Rebranding

The value of telecom operators' brands is rising, and with a raft of acquisitions occurring in the region rebranding can be a vital part of the process of expanding into new territories.

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By  George Bevir Published  February 8, 2009

The value of telecom operators' brands is rising, and with a raft of acquisitions occurring in the region rebranding can be a vital part of the process of expanding into new territories.

Little emphasis was placed on brands and image when the telecoms industry was dominated by state-owned operators in the 1970s and 1980s; operators simply combined the name of the country in which they were present with the suffix "telecom".

Such names were uninspiring and lacked originality, but they were all that was required and it was only when the mobile phone arrived and telecommunications became a consumer issue and not just a utility to be bundled with the supply of electricity, gas and water that distinct brands emerged.

Now, with multiple licenses and saturated markets a clear brand identity is a vital part of an operator's corporate strategy.

"From being one of the least branded sectors, telecoms has become arguably the most branded, says David Haigh of Brand Finance, a brand valuation consultancy.

"This is reflected in the value of intangible assets in mobile phone firms, particularly in the value of their brands."

According to Brand Finance's Global Intangible Tracker database, intangible assets represent 67% of enterprise value in the telecoms area. "Much of this value lies in spectrum rights and technology, but a large amount sits in brands and other marketing intangibles," Haigh says.

Going global

In spite of the economic crisis that has gripped markets around the world, telecoms operators continue to drive into new territories in the Middle East and Africa. For those that win a new license the task is to establish their brand, and for those that acquire an existing operator the case for unifying a host of disparate brands under one brand is strong.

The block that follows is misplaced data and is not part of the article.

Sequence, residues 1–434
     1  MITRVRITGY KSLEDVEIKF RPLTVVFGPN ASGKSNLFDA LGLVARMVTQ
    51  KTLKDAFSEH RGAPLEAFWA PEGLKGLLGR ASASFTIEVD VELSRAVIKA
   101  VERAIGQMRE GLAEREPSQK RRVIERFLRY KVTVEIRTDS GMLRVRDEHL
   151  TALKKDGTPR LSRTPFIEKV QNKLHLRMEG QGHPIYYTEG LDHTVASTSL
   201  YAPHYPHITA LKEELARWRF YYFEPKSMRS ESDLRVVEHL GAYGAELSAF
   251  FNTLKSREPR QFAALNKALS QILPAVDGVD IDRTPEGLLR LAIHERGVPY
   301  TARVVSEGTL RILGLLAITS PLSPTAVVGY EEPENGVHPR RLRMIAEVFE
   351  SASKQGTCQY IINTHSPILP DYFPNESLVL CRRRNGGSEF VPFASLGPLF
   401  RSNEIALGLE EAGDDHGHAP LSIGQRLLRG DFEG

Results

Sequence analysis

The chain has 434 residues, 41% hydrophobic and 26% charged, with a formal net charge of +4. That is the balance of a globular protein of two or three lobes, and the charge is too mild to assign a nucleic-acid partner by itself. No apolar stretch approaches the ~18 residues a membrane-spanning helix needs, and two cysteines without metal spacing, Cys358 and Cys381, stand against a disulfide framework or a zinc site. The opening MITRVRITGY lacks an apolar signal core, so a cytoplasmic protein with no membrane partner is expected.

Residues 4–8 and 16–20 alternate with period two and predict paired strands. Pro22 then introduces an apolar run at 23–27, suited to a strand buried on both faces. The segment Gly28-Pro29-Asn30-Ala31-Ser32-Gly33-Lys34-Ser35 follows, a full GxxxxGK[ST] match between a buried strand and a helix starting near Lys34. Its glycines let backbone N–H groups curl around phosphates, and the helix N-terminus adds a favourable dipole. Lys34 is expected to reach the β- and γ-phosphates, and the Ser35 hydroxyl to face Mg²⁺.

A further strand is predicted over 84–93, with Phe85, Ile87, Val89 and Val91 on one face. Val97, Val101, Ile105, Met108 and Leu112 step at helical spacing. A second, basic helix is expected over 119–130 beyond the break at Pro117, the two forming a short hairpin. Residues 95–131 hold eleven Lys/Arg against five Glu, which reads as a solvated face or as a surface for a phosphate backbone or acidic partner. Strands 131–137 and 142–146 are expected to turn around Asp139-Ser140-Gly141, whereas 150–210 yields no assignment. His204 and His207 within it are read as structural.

For UK network Vodafone, which has operations in 27 countries including new licenses in Ghana and Qatar, the decision to rebrand acquisitions is part of its overall strategy of expanding its global presence.

"We always acquire to rebrand," says David Wheldon, Vodafone's global brand director. "That is our intent because we are building the Vodafone brand across the world."

The extension of Vodafone's brand has been a gradual process which has taken place as new licenses have been awarded or companies acquired, but the scale of the task of rolling out a pre-existing brand can still be staggering. When Vodafone migrated its brand to India, a massive 448,000 items of signage on real estate and outdoor signs all over the country had to be changed.

In September 2007, MTC took the decision to rebrand its group and four of its networks in Kuwait, Bahrain, Jordan and Sudan under the name ‘Zain', with other operators in the group adopting the brand later in the year. Unifying the MTC, Celtel, Fastlink and Mobitel under one common brand was essential for Zain to launch its ‘One Network' proposition.

"For any company wanting to go global, as MTC has set out to do...a strong, distinctive brand name was essential," says Zain's chief communications officer Ibrahim Adel.

Adel says the process of creating the brand identity took a year and a half. "We started and re-started because we wanted to have an optimal brand in the end. We engaged world-leading consulting firms as partners, we engaged a lot of our people and had a great buy-in from our stakeholders. MTC management, marketing and communication teams considered some 400 names before eventually narrowing down the choice to just three, with the final choice a name put forward by one of MTC's own staff."

Implementing the new brand required a massive amount of work, and that "everything labelled MTC had to be replaced by Zain, from Sim cards to brochures, carpets to store fronts, and business cards to stationery".

Operators are cagey when it comes to discussing the cost of rebranding and instead of dwelling on the initial outlay they prefer to highlight the savings that can be generated through consolidation, which only get better with time, Wheldon says.

"People learn from each other and transfer best practice around and then you get into the synergies and the savings. And the more our world gets joined up the more we can save because we have one brand. If we told you what the cost is - if you looked at a spreadsheet over time - it becomes cheaper to run one brand than 26," he says.

Adel adds that the financial benefits are not just confined to savings made by the company. He says that a unified approach has also contributed towards creating a strong brand equity which in turn, he says, helps to command higher share prices, resulting in improved returns for both shareholders and employees alike.

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